We’ve all asked about offers for various services in our daily routine. A situation that nobody is a fan of is when an offer is either delayed or not understandable at all. You can stare at the information all day long and fail to comprehend how the numbers you’ve been provided fit together. We’ve taken some time to study how the quoting process goes in the Translation industry and we compiled a short-list of details that are really important and make both sides’ life easier.
Most Asian languages have a completely different structure and writing mechanics when compared to European languages. That fact leads to a few issues:
- There are specific ways to operate with CAT(Computer Aided Translation) tools
- There are two different ways of quoting, depending on the source and target language
- The type of language usually depends heavily on the target audience
Word Count – per word or per character – which is better and why?
Knowing how many words should be translated is a must-have when asking for a quote. The word count of a document is the base with which we all work in order to estimate how much a translation will cost and how much time it’s going to take for it to be completed. When it comes to Asian languages, a quote can be provided in two major ways:
- Per source character – that is the best and most precise way of preparing a quote. You run the file through specialized software, and it gives you the number of characters (Asian and otherwise). Based on that, you can provide a nice and understandable quote.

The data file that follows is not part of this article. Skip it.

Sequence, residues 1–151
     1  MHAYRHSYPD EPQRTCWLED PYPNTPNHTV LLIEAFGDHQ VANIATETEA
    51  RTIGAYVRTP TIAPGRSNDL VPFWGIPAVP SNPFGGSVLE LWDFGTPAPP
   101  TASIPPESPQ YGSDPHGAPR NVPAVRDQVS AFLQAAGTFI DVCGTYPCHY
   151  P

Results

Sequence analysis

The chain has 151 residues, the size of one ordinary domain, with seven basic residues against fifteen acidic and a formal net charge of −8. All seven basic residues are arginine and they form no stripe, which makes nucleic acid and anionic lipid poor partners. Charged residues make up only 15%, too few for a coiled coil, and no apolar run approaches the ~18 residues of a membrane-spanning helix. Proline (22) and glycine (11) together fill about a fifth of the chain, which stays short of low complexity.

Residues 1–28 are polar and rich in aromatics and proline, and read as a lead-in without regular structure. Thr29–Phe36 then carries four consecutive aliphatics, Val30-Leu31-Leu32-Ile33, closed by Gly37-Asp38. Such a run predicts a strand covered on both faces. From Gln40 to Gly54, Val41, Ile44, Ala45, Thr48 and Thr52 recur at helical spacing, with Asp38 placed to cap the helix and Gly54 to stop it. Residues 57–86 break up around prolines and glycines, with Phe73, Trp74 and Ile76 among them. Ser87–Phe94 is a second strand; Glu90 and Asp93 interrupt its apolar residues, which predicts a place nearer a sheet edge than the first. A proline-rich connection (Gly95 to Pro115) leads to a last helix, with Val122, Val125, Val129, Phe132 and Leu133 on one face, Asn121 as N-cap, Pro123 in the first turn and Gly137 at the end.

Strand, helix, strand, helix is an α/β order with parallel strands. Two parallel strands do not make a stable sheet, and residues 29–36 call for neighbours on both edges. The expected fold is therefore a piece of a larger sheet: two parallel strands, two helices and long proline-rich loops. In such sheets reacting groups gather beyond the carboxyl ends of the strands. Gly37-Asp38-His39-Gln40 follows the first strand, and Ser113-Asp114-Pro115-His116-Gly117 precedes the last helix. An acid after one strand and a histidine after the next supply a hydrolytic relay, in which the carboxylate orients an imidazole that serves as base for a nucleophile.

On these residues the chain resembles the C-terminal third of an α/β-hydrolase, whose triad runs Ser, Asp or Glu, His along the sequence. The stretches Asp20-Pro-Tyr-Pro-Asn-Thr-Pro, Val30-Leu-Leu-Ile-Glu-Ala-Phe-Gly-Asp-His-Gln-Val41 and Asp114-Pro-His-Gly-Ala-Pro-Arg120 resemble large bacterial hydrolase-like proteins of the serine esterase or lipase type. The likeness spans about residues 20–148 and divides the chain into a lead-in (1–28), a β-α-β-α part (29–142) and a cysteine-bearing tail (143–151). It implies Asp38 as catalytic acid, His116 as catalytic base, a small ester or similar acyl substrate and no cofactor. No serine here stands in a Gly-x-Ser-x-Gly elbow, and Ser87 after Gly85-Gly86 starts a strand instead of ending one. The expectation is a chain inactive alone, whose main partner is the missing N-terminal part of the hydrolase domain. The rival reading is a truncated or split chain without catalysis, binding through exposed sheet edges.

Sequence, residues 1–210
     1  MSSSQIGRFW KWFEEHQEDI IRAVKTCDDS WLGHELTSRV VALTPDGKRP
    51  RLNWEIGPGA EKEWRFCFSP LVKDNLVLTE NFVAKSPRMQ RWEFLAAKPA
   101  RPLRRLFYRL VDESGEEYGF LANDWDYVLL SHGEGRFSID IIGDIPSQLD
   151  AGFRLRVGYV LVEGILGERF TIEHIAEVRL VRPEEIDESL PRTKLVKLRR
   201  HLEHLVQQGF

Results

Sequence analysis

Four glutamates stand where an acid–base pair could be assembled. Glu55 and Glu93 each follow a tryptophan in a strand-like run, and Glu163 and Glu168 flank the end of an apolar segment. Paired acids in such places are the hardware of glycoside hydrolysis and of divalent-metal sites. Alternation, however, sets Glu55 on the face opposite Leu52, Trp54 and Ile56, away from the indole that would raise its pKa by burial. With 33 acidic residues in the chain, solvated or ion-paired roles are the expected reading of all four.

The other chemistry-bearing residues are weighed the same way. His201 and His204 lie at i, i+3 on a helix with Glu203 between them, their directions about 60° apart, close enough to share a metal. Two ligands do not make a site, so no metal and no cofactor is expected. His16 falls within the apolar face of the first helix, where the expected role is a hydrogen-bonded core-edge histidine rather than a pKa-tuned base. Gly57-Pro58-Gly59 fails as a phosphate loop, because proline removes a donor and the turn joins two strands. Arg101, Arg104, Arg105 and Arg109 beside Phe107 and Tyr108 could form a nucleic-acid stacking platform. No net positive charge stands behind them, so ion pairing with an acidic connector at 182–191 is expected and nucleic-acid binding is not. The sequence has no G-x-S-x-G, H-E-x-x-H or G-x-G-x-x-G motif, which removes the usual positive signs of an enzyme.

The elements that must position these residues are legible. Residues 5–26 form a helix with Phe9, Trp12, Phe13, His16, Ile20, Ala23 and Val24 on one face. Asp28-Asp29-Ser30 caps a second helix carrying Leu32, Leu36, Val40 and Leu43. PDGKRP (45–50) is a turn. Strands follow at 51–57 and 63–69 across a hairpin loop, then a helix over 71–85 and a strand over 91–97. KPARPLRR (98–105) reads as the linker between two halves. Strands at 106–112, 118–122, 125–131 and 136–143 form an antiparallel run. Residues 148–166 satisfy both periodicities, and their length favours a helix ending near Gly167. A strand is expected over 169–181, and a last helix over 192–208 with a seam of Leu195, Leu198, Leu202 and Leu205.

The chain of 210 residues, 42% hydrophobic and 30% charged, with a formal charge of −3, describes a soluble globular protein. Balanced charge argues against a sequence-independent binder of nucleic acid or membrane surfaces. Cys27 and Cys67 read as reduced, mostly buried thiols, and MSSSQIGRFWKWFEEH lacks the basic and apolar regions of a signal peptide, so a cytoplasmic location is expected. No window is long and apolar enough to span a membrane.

- Per target word – using this kind of word count can lead to discrepancies between the estimated and final word count. In order to provide a quote, we estimate approximately how many words the target text will be, based on the source text. There are rules and ratios regarding how much a body of text will expand or shrink in size, but the inconvenience comes from the fact that it can only be estimate due to the dynamic nature of the content. The final cost becomes clear after the translation is done, so you won’t know the exact sum you’ll be paying until the work is finished.
Time is important – the more you can provide, the better!
Be aware of the potential negative consequences when you force your vendor to rush – shorter turnaround times usually demands sacrifices when it comes to quality. The more time the translators are given to work on a translation, the better the outcome will be.